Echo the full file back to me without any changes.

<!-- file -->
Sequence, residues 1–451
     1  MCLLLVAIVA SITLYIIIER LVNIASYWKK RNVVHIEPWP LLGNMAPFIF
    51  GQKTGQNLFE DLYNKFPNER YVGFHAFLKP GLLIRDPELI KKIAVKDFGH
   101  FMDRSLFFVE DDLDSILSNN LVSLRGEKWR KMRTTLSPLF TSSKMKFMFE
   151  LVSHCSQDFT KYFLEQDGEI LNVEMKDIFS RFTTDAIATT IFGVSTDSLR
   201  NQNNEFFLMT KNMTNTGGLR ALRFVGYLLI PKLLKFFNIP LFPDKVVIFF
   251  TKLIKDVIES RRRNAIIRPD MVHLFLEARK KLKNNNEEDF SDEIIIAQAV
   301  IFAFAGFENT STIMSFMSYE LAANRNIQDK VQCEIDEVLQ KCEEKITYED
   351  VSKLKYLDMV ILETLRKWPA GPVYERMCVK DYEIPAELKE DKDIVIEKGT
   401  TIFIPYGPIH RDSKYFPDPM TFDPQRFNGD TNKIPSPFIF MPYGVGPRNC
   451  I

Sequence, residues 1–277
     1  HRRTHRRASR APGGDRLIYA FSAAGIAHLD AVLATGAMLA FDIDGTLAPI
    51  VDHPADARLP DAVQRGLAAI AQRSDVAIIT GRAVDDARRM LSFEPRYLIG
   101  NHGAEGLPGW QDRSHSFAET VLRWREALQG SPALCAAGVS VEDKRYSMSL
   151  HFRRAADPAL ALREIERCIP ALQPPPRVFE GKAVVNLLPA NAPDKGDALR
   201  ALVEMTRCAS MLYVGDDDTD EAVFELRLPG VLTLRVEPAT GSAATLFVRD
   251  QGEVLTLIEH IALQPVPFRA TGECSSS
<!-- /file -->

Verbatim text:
Sequence, residues 1–451
     1  MCLLLVAIVA SITLYIIIER LVNIASYWKK RNVVHIEPWP LLGNMAPFIF
    51  GQKTGQNLFE DLYNKFPNER YVGFHAFLKP GLLIRDPELI KKIAVKDFGH
   101  FMDRSLFFVE DDLDSILSNN LVSLRGEKWR KMRTTLSPLF TSSKMKFMFE
   151  LVSHCSQDFT KYFLEQDGEI LNVEMKDIFS RFTTDAIATT IFGVSTDSLR
   201  NQNNEFFLMT KNMTNTGGLR ALRFVGYLLI PKLLKFFNIP LFPDKVVIFF
   251  TKLIKDVIES RRRNAIIRPD MVHLFLEARK KLKNNNEEDF SDEIIIAQAV
   301  IFAFAGFENT STIMSFMSYE LAANRNIQDK VQCEIDEVLQ KCEEKITYED
   351  VSKLKYLDMV ILETLRKWPA GPVYERMCVK DYEIPAELKE DKDIVIEKGT
   401  TIFIPYGPIH RDSKYFPDPM TFDPQRFNGD TNKIPSPFIF MPYGVGPRNC
   451  I

Sequence, residues 1–277
     1  HRRTHRRASR APGGDRLIYA FSAAGIAHLD AVLATGAMLA FDIDGTLAPI
    51  VDHPADARLP DAVQRGLAAI AQRSDVAIIT GRAVDDARRM LSFEPRYLIG
   101  NHGAEGLPGW QDRSHSFAET VLRWREALQG SPALCAAGVS VEDKRYSMSL
   151  HFRRAADPAL ALREIERCIP ALQPPPRVFE GKAVVNLLPA NAPDKGDALR
   201  ALVEMTRCAS MLYVGDDDTD EAVFELRLPG VLTLRVEPAT GSAATLFVRD
   251  QGEVLTLIEH IALQPVPFRA TGECSSS